Revised bump stock bill passes Senate, goes back to House


DOVER — The Delaware Senate voted overwhelmingly to ban bump stocks Thursday, amending existing legislation and sending it back to the House of Representatives. One of the amendments lessens the penalty, changing a first offense charge for possession of bump stocks from a felony to a misdemeanor.

By an 18-1 vote, with two absent, senators passed House Bill 300. Sen. Dave Lawson, a Marydel Republican, was the only dissenter.

The bill, which would make it a felony to have “a trigger crank, bump-fire device, or any part, combination of parts, component, device, attachment, or accessory that is designed or functions to accelerate the rate of fire of a semiautomatic rifle but not convert the semiautomatic rifle into a machine gun,” previously passed the House.

However, senators attached two amendments, making the first offense a misdemeanor and creating an amnesty provision for someone who turns such devices in to law enforcement after a 120-day grace period.

Amendments creating a buyback program and allowing a claim of ignorance as a potential defense against prosecution were defeated, mostly on party lines.

The bill passed the House 25-3 with 11 not voting and two absent one week before. It now goes back to the House and could be voted on as soon as Tuesday. If it passes there with no further changes, it will go to Gov. John Carney, who supports the ban.

The vote came one day after students across the state and nation walked out of classes to call for changes in the country’s gun laws, something noted by House Majority Valerie Longhurst, a Bear Democrat who objected to the lessened punishment.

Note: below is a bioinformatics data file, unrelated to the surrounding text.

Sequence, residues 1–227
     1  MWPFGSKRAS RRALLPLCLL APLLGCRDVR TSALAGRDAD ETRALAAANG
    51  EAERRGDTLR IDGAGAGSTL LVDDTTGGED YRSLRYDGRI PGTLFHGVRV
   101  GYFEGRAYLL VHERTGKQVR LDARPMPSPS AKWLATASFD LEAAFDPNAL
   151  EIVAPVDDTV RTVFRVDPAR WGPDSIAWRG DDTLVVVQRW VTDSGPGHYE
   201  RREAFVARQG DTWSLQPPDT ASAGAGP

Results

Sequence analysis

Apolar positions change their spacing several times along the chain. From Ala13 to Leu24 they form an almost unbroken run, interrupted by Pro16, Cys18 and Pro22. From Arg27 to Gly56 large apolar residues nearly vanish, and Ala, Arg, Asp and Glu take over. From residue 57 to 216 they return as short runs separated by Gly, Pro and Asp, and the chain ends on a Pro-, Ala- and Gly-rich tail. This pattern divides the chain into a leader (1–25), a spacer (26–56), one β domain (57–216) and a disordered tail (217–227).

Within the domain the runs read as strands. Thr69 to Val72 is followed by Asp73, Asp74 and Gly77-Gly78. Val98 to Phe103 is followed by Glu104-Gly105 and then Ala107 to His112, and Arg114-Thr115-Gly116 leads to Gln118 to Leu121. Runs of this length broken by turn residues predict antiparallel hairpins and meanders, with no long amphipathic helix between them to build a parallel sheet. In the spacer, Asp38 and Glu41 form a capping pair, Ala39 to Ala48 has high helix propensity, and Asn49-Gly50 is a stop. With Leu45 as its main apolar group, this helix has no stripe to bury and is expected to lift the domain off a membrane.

“Today, we let them all down. We need to do what’s best for public safety, not what is politically expedient. Here’s the bottom line: bump stocks are dangerous and deadly. They are not toys, and this is not a game,” Rep. Longhurst, the sponsor of the bill, said in a statement.

“They are destructive weapons like bombs, bombshells, firearm silencers, sawed-off shotguns and machine guns. They have no practical purpose in hunting, home defense or sport. As we saw tragically in the Las Vegas massacre, they only serve to fire hundreds of bullets as rapidly as possible.

“In every other state that has passed or is considering similar bills, possession of a bump stock is a felony. These are devices that make destructive weapons even deadlier.”

Senate President Pro Tempore David McBride, a Wilmington Manor Democrat, in a statement called the amendments an improvement.

“We believe that these changes will make a good bill even better by enhancing fairness and effectiveness, while honoring and preserving the bill’s intent. The bill now goes back to the House for a second vote, but this minor delay is a small price to pay — particularly if gun control receives the sustained attention that the legislature owes it,” he said.

“It’s our job to do the right thing, to be thorough, and to be responsive to our constituents. Those objectives are not mutually exclusive; in fact, they are complementary and necessary. We hope that the House will vote to advance HB 300 to the governor’s desk and look forward to considering further measures to strengthen our gun laws.”

Under one of the amendments, owning, transferring or receiving a bump stock would carry a fine of up to $1,150 and prison sentence of no more than six months. Subsequent offenses could lead to up to two years in prison.

The original bill carried a jail sentence of up to five years.

The amendment has stricter punishments for use of bump stocks during the commission of a felony.